Table 4 Soil chemical, physical, and microbiological properties in the 0.00-0.20 m layer, in native forest (NF), Eucalyptus stands (EST), perennial pasture (PA), crop-livestock integration (CLI), and no-tillage (NT) systems on the Southern Santa Catarina Plateau 

Soil property Land use systems

NF EST PA CLI NT
Winter
pH(H2O) 4.4 4.6 4.7 5.3 5.6
P (mg dm-3) 4.3 3.9 3.6 8.7 5.8
K (mg dm-3) 112 84 190 135 128
Ca2+ (cmolc dm-3) 5.2 2.0 2.1 7.2 7.5
Mg2+ (cmolc dm-3) 1.7 1.8 1.4 3.8 3.8
OM (dag kg-1) 6.2 4.4 5.3 4.7 4.5
Al3+ (cmolc dm-3) 3.9 2.8 3.0 0.5 0.1
H+Al (cmolc dm-3) 20.8 17.0 17.5 6.2 4.9
Vwc (%) (v/v) 58 42 51 40 40
BD (g cm-3) 0.89 0.98 0.95 1.01 1.01
TP (m3 m-3) 0.65 0.65 0.66 0.65 0.65
MicC (μg C g-1) 577 394 544 284 280
Micq (%) 1.06 1.15 1.34 0.80 0.80
TOC (g kg-1) 57 35 41 37 36
POC (g kg-1) 4.55 3.12 3.51 2.42 1.71
Summer
pH(H2O) 4.4 4.6 4.7 5.3 5.6
P (mg dm-3) 4.3 3.9 3.6 8.7 5.8
K (mg dm-3) 112 84 190 135 128
Ca2+ (cmolc dm-3) 5.2 2.0 2.1 7.2 7.5
Mg2+ (cmolc dm-3) 1.7 1.8 1.4 3.8 3.8
OM (dag kg-1) 6.2 4.4 5.3 4.7 4.5
Al3+ (cmolc dm-3) 3.9 2.8 3.0 0.5 0.1
H+Al (cmolc dm-3) 20.8 17.0 17.5 6.2 4.9
Vwc (%) (v/v) 55 36 41 32 35
BD (g cm-3) 0.89 0.98 0.95 1.01 1.01
TP (m3 m-3) 0.65 0.65 0.66 0.65 0.65
MicC (μg C g -1) 382 244 424 185 199
Micq (%) 0.57 0.60 0.88 0.49 0.52
TOC (g kg-1) 69 43 49 40 39
POC (g kg-1) 4.55 3.12 3.51 2.42 1.71

Average repetitions (n = 27). pH in water at a ratio of 1:2.5 v/v; K and P extracted by Mehlich-1 solution; OM determined by Walkley-Black method; Al3+, Ca2+, and Mg2+ were extracted by 1 mol L-1 KCl; H+Al: potential acidity extracted with calcium acetate 0.5 mol L-1; Vwc: soil volumetric water content; BD: soil bulk density determined by volumetric ring method; TP: total porosity determined by the relation between BD and particle density - volumetric flask method; MicC: microbial biomass carbon (fumigation-extraction method); Micq: microbial quotient (Relation between MicC and TOC); TOC (total organic carbon) and POC (particulate organic carbon) (Dry combustion by the elementar equipment - Vario EL Cube).

The analysis of properties linked to soil carbon dynamics, microbial biomass carbon (MicC) was determined by the fumigation-extraction method (Vance et al., 1987). Total organic carbon (TOC) and particulate organic carbon (POC) (Cambardella and Elliot, 1992) were determined by dry combustion by a Vario EL cube CHNS elemental analyzer. From the MicC and TOC results, the microbial quotient (Micq) expressed as MicC percentage in relation to TOC was calculated (Anderson, 1994) (Table 4).

Data analysis

The analyses were performed at the LUS level, using the value for three municipalities (true replicates) (n = 3 × 9 points = 27) in the two seasons (winter and summer) analyzed separately. Evaluations of diversity and distribution of the Coleoptera morphotypes were carried out using the methods of sampling soil invertebrates together, i.e., total abundance of individuals at each point, since the two Coleoptera sampling methods used show limitations with regard to the representative capacity of all ecomorphological groups. Pitfall traps captured mobile coleopterans on soil surface and varied in size, covering the meso (100 μm - 2 mm) and macrofauna (>2 mm) (Swift et al., 1979). Soil monoliths, taken by the TSBF method, are used to collect the macrofauna and to collect the least mobile individuals, living deep in the soil. Considering these conditions, the traps cannot sample individuals with limited dispersion nor those that do not have an epigean habit, while by the second method the tiniest individuals may be overlooked during manual sorting, representing fundamental restrictions for distinguishing structural morphotypes. On the other hand, sampling by soil monoliths makes it possible to collect coleopterans in the larval phase. Therefore, the evaluation by both methods, has a complementary effect and reduces sampling limitations.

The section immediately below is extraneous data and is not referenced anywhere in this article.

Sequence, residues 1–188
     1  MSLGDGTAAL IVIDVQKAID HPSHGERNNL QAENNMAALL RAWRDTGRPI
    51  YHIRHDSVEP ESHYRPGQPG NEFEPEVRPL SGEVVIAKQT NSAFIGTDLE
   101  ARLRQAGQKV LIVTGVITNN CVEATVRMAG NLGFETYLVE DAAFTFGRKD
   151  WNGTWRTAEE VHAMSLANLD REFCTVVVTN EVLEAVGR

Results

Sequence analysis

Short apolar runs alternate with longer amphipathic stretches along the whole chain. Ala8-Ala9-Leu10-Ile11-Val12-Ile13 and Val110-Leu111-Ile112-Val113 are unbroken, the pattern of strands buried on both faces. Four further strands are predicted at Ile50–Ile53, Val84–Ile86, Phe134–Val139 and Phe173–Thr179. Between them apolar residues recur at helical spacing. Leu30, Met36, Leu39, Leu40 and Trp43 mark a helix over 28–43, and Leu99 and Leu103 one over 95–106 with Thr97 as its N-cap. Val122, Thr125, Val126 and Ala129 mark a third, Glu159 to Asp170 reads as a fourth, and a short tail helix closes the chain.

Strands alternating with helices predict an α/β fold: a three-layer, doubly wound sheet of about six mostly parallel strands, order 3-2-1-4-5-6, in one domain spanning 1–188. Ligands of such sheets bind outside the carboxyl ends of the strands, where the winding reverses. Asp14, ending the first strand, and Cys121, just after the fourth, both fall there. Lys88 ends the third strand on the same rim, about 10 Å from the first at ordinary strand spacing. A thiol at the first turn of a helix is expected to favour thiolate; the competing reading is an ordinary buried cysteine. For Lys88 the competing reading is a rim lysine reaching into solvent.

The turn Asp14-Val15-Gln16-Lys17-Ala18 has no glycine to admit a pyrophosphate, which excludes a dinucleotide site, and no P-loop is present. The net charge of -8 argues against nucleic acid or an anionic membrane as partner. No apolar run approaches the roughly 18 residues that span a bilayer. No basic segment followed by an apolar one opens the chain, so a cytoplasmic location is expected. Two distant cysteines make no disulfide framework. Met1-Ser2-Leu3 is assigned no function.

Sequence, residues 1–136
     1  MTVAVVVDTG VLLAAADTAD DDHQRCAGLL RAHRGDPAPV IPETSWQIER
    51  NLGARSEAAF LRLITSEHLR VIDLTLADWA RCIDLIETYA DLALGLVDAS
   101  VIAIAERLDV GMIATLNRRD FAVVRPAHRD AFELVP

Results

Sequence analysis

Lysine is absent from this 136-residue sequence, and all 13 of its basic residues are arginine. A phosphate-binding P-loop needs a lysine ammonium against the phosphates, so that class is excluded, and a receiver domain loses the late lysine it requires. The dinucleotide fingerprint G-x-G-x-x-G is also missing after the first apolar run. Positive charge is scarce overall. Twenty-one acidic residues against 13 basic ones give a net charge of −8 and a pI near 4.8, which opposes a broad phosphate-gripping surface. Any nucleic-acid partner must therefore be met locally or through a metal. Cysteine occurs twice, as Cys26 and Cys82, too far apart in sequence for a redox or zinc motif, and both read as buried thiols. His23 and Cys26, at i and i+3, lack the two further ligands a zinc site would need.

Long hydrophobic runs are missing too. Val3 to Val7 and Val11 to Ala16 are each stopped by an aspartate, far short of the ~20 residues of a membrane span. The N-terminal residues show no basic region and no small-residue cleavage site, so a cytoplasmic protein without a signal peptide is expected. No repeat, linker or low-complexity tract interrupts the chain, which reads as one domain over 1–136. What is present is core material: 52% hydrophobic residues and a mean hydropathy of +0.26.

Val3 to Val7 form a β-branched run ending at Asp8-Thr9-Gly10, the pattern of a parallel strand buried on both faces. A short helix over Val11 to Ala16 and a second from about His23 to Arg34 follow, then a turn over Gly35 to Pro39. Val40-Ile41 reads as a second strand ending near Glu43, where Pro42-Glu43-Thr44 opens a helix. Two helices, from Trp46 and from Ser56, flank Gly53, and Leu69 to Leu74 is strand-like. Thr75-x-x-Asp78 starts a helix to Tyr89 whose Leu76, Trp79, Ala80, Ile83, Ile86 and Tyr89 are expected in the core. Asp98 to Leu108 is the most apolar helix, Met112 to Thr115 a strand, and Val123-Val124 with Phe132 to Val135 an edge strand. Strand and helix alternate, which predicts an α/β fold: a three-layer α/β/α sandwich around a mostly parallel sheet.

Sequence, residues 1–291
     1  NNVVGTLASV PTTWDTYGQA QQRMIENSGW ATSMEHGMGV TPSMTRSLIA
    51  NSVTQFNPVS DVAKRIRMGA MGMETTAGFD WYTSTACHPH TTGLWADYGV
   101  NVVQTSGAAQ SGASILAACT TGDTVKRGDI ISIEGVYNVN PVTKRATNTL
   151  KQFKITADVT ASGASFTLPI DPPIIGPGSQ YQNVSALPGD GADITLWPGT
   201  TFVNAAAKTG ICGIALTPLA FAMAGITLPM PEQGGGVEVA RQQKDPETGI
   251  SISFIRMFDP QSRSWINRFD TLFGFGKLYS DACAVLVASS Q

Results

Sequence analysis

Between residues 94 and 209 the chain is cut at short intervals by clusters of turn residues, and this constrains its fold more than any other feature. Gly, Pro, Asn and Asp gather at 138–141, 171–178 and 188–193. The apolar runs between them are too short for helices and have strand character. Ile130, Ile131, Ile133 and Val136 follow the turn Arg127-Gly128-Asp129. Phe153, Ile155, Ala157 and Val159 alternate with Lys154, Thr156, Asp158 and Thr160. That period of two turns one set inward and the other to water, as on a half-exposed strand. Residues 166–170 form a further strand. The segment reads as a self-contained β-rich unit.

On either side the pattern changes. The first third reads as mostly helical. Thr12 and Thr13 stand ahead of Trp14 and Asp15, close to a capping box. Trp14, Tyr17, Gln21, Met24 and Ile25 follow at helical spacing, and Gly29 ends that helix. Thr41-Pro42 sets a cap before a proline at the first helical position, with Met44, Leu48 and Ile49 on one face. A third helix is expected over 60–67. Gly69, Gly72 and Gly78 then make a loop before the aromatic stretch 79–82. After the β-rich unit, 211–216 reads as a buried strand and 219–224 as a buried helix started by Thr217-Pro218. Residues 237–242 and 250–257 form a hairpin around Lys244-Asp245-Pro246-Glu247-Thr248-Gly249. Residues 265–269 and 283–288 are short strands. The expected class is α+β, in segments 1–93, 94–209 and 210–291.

Density, abundance, and diversity of Coleoptera morphotypes

The abundance of Coleoptera individuals sampled by soil monoliths was converted into density of individuals per square meter (ind per m2). These density values, as well as abundance of trap-sampled coleopterans (ind per trap) were compared between the LUS by non-parametric Kruskal-Wallis analysis at 5 % significance, using the statistical software SPSS, version 20 (SPSS IBM, 2011).

To check the similarity of morphotype abundances in each LUS and assess their diversity, the Pielou equability (J) and Shannon-Wiener diversity (H’) indices were calculated for the abundance data of Coleoptera morphotypes. These indices were calculated using R statistical software, with the VEGAN package (R Core Team, 2011).

Multivariate statistical analysis

Abundance values were subjected to detrended correspondence analysis (DCA), in order to determine the gradient length generated by the data matrix. As this length was <3, with linear response, we decided to perform principal component analysis (PCA) for each studied season (winter and summer), since season effects were detected (p≤0.05). Morphotype abundance was used as a response variable and soil chemical, physical, and microbiological properties as explanatory environmental variables in PCA. The collinear and significant explanatory variables were identified by redundancy analysis (RDA), removing the variables with collinearity and maintaining the significant ones (p≤0.05). Only the last variables selected by RDA were later used in PCA as passive explanatory environmental variables for changes observed in ecomorphological groups of Coleoptera. All multivariate statistical analyses were conducted using statistical software CANOCO, version 4.5 (ter Braak and Smilauer, 2002).

Soil biological quality and dominance of life form traits